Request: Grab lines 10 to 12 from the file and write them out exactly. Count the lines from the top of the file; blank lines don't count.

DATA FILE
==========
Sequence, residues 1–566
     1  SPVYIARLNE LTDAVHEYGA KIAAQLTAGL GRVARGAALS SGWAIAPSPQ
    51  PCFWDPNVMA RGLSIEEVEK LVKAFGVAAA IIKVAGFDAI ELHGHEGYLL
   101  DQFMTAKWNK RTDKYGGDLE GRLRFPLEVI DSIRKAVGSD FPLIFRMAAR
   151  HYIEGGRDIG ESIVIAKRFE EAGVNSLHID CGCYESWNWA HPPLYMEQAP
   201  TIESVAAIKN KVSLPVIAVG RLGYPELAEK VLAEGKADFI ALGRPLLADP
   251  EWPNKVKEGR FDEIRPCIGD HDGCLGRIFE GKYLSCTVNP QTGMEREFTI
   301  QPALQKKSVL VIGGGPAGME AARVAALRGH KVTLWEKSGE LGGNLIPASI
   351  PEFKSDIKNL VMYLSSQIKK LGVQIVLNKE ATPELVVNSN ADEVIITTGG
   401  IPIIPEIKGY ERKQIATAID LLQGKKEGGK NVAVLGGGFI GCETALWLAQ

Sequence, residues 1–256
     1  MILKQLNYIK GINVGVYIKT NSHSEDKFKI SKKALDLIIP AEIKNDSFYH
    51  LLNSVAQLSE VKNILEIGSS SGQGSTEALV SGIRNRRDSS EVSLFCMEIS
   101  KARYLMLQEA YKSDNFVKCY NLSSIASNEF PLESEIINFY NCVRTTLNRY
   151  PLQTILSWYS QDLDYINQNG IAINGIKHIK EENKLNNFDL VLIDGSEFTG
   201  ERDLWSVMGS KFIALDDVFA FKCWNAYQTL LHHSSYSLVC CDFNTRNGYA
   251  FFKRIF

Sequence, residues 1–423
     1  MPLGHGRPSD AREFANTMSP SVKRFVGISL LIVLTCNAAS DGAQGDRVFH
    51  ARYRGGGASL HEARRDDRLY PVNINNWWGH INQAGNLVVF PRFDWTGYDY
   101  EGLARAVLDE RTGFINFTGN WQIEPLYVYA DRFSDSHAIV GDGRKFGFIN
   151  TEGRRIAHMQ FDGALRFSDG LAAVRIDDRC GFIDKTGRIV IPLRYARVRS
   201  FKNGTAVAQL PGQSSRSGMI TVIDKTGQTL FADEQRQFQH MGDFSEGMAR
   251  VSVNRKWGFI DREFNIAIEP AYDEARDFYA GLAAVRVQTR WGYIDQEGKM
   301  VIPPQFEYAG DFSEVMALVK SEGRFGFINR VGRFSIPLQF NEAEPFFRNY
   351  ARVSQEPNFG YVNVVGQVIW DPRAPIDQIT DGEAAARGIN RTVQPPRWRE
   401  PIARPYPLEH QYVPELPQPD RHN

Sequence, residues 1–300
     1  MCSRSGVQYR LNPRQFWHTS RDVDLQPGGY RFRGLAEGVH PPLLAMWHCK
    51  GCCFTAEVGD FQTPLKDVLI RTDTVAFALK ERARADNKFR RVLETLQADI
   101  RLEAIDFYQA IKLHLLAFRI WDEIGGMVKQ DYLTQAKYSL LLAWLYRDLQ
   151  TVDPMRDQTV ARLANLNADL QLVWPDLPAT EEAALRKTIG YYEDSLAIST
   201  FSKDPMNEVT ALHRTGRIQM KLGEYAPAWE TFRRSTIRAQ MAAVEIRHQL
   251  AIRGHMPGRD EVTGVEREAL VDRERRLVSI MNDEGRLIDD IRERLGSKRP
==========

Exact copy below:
   401  IPIIPEIKGY ERKQIATAID LLQGKKEGGK NVAVLGGGFI GCETALWLAQ

Sequence, residues 1–256
     1  MILKQLNYIK GINVGVYIKT NSHSEDKFKI SKKALDLIIP AEIKNDSFYH